A few weeks ago, we had the opportunity to celebrate Gamou – the birth of the prophet Mohammad- in the small spiritual community of Dene. The festivities involved many passionate late night praying, dancing, and chanting sessions. We also had the opportunity to witness another important aspect of the festivities: a bull sacrifice.
It was fascinating to watch the whole process from start to finish. Cole (another student) and myself were fortunate enough to be made aware that the sacrifice was going occur before it actually did. As a result, we observed from a respectful distance as four or five men from the community came over to sacrifice the bull. First, one man carefully grabbed the bull by its horns and pulled its head down while the other men attended to sweeping its legs out from under it, and tying them up with a rope. Then, the man holding the bull’s horns turned its head so that the horns were in the sand and its neck was taught and pointing up into the sky. After the bull was effectively immobilized, the professional hired to help with the sacrifice came over, unsheathed his machete, and dragged the blade across the animal’s throat after an announced “Bismillah” (in the name of God).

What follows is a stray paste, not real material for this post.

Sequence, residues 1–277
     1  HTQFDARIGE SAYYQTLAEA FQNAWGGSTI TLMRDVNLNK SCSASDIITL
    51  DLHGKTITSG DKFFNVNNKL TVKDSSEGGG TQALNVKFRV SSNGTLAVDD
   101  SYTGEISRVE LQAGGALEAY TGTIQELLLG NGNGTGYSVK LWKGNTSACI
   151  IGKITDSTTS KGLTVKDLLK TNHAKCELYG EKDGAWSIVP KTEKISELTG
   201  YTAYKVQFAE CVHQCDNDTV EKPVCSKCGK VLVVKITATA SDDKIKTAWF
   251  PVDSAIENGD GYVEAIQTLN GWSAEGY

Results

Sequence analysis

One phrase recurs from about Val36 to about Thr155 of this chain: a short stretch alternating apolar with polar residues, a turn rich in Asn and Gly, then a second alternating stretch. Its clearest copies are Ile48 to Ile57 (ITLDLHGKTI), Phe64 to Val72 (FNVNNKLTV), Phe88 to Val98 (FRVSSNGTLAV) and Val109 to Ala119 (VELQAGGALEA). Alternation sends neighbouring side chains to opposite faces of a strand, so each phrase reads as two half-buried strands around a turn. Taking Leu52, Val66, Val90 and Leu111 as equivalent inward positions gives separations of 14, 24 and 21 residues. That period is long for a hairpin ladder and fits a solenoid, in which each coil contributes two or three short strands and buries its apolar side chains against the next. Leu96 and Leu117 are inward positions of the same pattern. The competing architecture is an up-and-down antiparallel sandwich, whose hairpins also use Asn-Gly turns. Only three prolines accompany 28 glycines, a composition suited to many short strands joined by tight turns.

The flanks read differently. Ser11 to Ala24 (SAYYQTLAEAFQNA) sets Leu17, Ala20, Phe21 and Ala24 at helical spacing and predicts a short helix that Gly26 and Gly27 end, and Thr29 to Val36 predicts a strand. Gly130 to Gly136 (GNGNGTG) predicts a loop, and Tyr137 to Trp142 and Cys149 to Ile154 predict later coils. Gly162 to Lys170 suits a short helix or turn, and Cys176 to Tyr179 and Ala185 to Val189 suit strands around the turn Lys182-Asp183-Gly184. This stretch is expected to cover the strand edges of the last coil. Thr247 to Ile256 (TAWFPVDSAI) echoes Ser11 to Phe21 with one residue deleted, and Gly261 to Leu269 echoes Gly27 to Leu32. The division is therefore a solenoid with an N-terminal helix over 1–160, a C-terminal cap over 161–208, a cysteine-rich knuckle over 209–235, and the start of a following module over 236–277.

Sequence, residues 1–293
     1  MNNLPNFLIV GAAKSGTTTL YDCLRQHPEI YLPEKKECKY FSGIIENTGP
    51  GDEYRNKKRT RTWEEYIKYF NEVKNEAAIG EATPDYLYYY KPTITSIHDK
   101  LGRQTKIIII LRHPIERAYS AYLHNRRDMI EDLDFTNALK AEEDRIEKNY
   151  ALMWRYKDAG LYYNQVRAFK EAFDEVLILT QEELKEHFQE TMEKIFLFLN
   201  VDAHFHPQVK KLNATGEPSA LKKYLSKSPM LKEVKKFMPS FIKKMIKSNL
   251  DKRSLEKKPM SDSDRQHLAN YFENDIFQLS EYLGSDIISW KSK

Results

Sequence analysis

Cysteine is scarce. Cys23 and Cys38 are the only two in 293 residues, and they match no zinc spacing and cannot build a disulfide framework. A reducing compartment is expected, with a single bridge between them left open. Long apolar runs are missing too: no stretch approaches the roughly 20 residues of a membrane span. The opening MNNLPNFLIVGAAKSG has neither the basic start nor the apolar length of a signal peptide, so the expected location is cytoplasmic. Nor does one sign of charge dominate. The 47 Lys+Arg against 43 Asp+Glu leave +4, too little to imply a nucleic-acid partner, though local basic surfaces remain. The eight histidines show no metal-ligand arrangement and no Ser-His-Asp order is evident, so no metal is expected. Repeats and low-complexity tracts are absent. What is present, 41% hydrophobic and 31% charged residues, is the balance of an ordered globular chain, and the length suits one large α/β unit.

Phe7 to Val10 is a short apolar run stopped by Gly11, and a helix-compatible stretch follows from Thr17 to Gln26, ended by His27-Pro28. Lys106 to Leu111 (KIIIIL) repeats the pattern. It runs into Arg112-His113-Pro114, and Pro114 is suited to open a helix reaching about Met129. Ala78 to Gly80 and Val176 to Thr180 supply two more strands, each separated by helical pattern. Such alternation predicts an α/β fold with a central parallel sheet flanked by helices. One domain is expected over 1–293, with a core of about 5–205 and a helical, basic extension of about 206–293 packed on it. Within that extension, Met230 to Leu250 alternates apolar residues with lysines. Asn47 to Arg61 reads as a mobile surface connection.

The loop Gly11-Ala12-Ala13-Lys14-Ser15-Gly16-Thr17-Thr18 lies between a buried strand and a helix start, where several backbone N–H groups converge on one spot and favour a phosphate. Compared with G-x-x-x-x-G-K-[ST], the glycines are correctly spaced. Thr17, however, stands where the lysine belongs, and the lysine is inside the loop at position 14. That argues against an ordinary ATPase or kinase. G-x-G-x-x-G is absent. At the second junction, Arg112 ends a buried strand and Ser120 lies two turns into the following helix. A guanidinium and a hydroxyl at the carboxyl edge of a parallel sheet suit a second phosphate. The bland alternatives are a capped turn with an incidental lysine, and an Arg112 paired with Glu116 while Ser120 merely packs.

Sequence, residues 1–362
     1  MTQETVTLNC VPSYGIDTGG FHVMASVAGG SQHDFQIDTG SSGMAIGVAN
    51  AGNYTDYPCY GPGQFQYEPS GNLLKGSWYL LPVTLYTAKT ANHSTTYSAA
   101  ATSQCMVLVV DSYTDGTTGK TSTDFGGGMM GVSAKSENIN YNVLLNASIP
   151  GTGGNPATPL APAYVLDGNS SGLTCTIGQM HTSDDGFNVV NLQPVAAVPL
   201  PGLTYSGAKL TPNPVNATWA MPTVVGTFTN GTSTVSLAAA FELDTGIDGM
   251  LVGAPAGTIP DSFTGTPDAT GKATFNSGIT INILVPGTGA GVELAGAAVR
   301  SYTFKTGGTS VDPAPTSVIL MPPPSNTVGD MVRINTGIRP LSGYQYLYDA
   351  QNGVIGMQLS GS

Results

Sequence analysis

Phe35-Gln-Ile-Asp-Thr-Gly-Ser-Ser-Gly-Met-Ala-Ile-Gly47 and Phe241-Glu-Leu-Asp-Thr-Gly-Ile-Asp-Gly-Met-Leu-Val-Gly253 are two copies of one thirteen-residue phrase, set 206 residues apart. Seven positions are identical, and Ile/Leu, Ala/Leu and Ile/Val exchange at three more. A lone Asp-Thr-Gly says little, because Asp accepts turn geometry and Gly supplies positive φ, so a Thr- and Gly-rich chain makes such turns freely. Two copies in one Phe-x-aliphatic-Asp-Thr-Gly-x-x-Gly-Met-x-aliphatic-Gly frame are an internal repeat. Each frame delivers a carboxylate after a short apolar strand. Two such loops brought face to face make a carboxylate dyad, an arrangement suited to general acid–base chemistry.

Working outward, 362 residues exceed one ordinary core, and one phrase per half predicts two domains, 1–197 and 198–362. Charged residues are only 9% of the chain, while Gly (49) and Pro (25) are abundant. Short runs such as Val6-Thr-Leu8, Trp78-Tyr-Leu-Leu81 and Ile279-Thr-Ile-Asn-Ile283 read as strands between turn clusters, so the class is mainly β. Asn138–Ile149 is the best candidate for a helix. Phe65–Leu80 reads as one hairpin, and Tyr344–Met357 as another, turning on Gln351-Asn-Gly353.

The animal was kept tied down and detained while it bled out. All the while, two other men were kneeling and bowing beside the bull, chanting verses from the Quran and praying. All of these components of the sacrifice – from the “Bismillah”, to the blood letting, to the praying – contributed to establishing the meat as halal.
After the animal had bled out entirely, the men went to quickly and systematically skinning, quartering, and butchering the bull. It was at this point that I felt a personal and familiar connection with the process. Having spent much time hunting and field dressing deer myself, I was inclined to offer my help (and my knife) in any way possible. In the matter of a few hours, the moving, breathing, living being had been sacrificed and disassembled for a greater purpose.
It was a fascinating process to both be witness to and be apart of.
It seems that so often in America, we are so detached from the food that we eat (especially the meat). It is difficult to look at a medium-well steak on a plate and imagine the living being that went into it. For some people, this disconnect might make that steak more palatable. However, I think that there is a certain beauty in having an intimate, even spiritual connection to the food that you eat.
Needless to say, we had a lot of ceebu yapp (rice with meat) during our stay. However, this time, we were all far more mindful of and connected to the food we ate.